Castle Gatehouse, Washington Aqueduct

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Castle Gatehouse, Washington Aqueduct
Georgetown pumping station castle.jpg
Pumphouse at Georgetown Reservoir
Castle Gatehouse is located in the District of Columbia
Castle Gatehouse
Castle Gatehouse
Castle Gatehouse is located in the United States
Castle Gatehouse
Castle Gatehouse
LocationNear Reservoir Rd. and MacArthur Blvd. NW
Northwest Quadrant, Washington, D.C.
Coordinates38°54′39″N 77°5′24″W / 38.91083°N 77.09000°W / 38.91083; -77.09000Coordinates: 38°54′39″N 77°5′24″W / 38.91083°N 77.09000°W / 38.91083; -77.09000
Built1899–1901
Part ofWashington Aqueduct (#73002123)
NRHP reference #75002048
Significant dates
Added to NRHPMarch 13, 1975
Designated NHLDCPNovember 7, 1973

Castle Gatehouse, Washington Aqueduct is a pumping station at the Georgetown Reservoir on the Washington Aqueduct in The Palisades neighborhood of Washington, D.C., United States. The building is on the National Register of Historic Places and contributes to the Washington Aqueduct National Historic Landmark.

History[edit]

In 1852 the United States Congress authorized the Army Corps of Engineers to construct a water supply for the city of Washington, using the Potomac River at Great Falls as its source. Construction of a 12-mile pipeline began in 1853, and portions of the system began operation in 1859. Little Falls Branch was used as an interim source until the pipeline was completed in 1864. The water was routed to Dalecarlia Reservoir, followed by Georgetown Reservoir.[1]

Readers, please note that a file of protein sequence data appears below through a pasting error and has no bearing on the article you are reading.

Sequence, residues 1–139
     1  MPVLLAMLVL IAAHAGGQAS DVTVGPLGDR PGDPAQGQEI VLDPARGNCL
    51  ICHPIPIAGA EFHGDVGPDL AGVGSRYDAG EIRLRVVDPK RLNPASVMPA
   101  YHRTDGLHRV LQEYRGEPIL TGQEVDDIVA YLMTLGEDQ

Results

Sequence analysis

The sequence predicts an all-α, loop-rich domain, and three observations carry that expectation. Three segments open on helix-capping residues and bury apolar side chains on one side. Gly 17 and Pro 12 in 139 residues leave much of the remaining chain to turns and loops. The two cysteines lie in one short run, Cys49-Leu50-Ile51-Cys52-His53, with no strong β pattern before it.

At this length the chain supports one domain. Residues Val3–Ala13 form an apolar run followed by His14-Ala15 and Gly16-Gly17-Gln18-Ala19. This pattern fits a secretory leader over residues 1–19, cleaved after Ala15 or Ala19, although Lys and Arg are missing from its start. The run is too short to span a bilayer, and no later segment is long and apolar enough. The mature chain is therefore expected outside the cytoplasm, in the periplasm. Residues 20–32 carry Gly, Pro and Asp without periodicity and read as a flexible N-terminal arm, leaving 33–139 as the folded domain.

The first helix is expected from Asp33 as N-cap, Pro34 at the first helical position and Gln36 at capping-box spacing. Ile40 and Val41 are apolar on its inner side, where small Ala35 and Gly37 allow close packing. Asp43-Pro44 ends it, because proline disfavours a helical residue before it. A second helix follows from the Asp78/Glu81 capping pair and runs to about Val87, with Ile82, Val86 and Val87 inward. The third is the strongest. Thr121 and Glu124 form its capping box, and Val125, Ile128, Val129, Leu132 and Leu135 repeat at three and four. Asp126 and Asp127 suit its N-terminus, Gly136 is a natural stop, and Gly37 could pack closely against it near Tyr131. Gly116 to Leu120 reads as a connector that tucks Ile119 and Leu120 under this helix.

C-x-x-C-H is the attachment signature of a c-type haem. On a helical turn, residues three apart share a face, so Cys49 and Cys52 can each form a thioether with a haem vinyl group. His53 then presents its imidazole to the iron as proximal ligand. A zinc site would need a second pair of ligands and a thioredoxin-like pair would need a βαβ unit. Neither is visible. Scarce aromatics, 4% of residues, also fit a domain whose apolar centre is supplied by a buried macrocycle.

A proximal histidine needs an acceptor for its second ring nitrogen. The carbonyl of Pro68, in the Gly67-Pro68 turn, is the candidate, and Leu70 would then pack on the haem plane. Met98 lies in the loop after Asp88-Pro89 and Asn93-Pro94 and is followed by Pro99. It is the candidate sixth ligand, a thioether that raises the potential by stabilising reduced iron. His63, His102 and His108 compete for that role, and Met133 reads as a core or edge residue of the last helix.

Improvements to the water system in the late 19th century included the Castle Gatehouse. The gatehouse was constructed at the Georgetown Reservoir to pump water into the four-mile long Washington City Tunnel that led to McMillan Reservoir, completed in 1902.[2][3] A filtration system was constructed at McMillan in 1905 and this system improved the quality of city water.[3][4][5]

Construction of the gatehouse began in 1899. The design was intended to replicate the Corps of Engineers insignia. Portland cement plaster was used to replicate stonework and give the gatehouse an authentic castle appearance.[3]

The gatehouse was added to the National Register of Historic Places on March 13, 1975. It is managed by the Army Corps of Engineers, Baltimore District.

See also[edit]

References[edit]

  1. ^ Ways, Harry C. (1996). "The Washington Aqueduct: 1852-1992." (Baltimore, MD: U.S. Army Corps of Engineers, Baltimore District)
  2. ^ Scott, Pamela (2007), "Capital Engineers: The U.S. Army Corps of Engineers in the Development of Washington, D.C., 1790-2004." Archived 2012-02-26 at the Wayback Machine p. 175. Washington, DC: U.S. Army Corps of Engineers. Publication No. EP 870-1-67. ISBN 978-0160795572
  3. ^ a b c McSwain, Jerrold D. (26 December 1973). "National Register of Historic Places Inventory - Nomination Form for Federal Properties" (pdf). National Park Service. Retrieved 13 November 2009.
  4. ^ U.S. National Park Service, Washington, DC (2001). "Washington Aqueduct." National Historic Landmark Nomination. Originally prepared March 1973; revised August 2001 (draft). Site No. 029-5198.
  5. ^ "DC Inventory of Historic Sites: C" (PDF). District of Columbia Office of Planning. Archived from the original (PDF) on 9 October 2009. Retrieved 13 November 2009.